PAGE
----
In Manchester, in the north of England, there is a corner of an English field that is forever ANZAC. It is a quiet place, peaceful and loved. Tall, gently swaying trees watch over verdant well-tended lawns from which rise, in uniform rows, stone testimonies to individual stories of courage and sacrifice, stories of love and loss.
Here in Southern Cemetery, far from the battlefields upon which they fought, lie the graves of more than 20 Australian and New Zealand servicemen, most casualties of the First World War, along with two of the ANZAC nurses who cared for them. Each year, ordinary Mancunians gather on the Sunday closest to ANZAC Day to pay tribute to their adopted sons and daughters in a ceremony that has been taking place for decades, organised by local members of the Royal British Legion (RBL).
That these brave souls found themselves on our shores is a testament to the steadfast courage and loyalty of Australia and New Zealand. When the Great War broke out, neither hesitated to join the fight. In all some 416,809 Australians and 100,444 New Zealanders joined up during the course of the conflict. Australian casualties were 60,000 killed and 137,000 wounded while News Zealand lost some 16,697 killed and 41,317 wounded.
With millions of men engaged, the scale of the conflict was almost unimaginable. Over the course of the war more than two million British, Commonwealth and Imperial troops were wounded or became sick, presenting an unprecedented challenge to medical services throughout the Empire. With the vast majority of these cases occurring on the Western Front, it quickly became necessary to disperse causalities throughout the British Isles. In August 1914, the 2nd Western General Hospital was established in Manchester.
As the months and years passed the hospital continued to grow, becoming the second largest military medical facility in the country with responsibility for more than 25,000 beds. Specially built ambulance trains ran around the clock conveying hundreds of thousands of casualties to the city where they were greeted by one of the 180 cars and ambulances, all made up of volunteer crews, which conveyed them to one of the dozens of sites across Greater Manchester that comprised the hospital. But the scale of the conflict didn’t just affect future care for the living.
So vast were the numbers killed that it proved impractical to repatriate the bodies of the fallen. Instead, and thanks to the work of people such as Fabian Ware, the Commonwealth War Graves Commission (CWGC) was established and a system evolved whereby every solider of the Empire regardless of rank, creed or religion was given a decent burial in cemeteries established close to where they died. There, alongside their comrades, their graves would be cared for and their sacrifice honoured for all time.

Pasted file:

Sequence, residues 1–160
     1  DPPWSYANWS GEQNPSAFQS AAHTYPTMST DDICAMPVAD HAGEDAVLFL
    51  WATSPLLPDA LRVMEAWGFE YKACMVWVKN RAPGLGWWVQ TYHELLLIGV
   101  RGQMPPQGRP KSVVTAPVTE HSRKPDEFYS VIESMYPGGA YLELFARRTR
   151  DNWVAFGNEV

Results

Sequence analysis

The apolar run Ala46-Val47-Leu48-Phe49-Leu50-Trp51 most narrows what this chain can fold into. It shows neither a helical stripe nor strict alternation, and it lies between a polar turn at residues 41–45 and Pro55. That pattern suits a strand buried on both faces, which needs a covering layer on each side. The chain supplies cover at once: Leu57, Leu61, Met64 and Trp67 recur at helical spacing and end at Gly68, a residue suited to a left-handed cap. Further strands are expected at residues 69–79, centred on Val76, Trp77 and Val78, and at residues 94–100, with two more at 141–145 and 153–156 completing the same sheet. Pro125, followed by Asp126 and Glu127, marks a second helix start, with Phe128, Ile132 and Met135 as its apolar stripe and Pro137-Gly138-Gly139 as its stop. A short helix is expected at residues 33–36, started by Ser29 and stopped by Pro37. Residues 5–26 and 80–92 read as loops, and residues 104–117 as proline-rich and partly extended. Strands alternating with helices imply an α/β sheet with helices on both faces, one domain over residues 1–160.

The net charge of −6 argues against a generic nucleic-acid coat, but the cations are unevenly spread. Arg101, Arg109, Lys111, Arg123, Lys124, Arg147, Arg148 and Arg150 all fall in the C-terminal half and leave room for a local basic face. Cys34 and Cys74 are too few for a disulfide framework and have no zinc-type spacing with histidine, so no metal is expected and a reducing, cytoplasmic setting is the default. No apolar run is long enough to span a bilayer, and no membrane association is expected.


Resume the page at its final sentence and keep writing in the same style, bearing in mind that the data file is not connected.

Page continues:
The day of the service sees the weather brighten in Manchester. The sun periodically pierces the clouds and the leaves rustle gently in the light wind. Before the ceremony begins I speak to Paul Griffiths, the Vice-Lord Lieutenant of Greater Manchester. “Every year there seems to be more people attending. It’s touching to see local people remembering the sacrifice of the ANZAC troops buried here, and we will continue to remember them.”
His sentiment is echoed by many I speak to, including Steven Duncan, the standard bearer for the local RBL, who was a soldier in the Royal Fusiliers: “I’ve been the standard bearer for the ANZAC day commemoration before and it’s an honour to pay tribute to these lads. It’s right that we keep their memory alive.”
Meanwhile, PC Kevin Katryk tells me that “it’s important to remember and it’s great that Greater Manchester Police allows us to attend the commemoration”.
Lieutenant-Colonel Anthony Evans of the Australian Defence Force adds: “It really is very moving to see so many local people turning out to honour the memory of these ANZAC soldiers. For us, Anzac Day is a very important part of our culture, our national life, and it’s wonderful to see it honoured around the world, especially here in the UK. And this shared experience, the sacrifice shared by all the Commonwealth countries, is part of what binds us together. Also, I have to say that work of the CWGC and of the groundskeepers here from Manchester Council really should be highly commended.”
The parade master, a local veteran, calls the assembled dignitaries and attendees to order. The service is simple and moving, with readings from serving personnel from the armed forces of New Zealand and Australia as well as local veterans. Prayers for the fallen are said, wreaths are laid and a lady called Katie Tyson-Phillips from the Flixton Brass Band plays the last post and reveille. The young ANZACs who found their final resting place in our city are remembered and honoured.
And in Manchester, in the North of England, a corner of an English field remains forever ANZAC.
Main image: Southern Cemetery. All photos by Alfred Searls.
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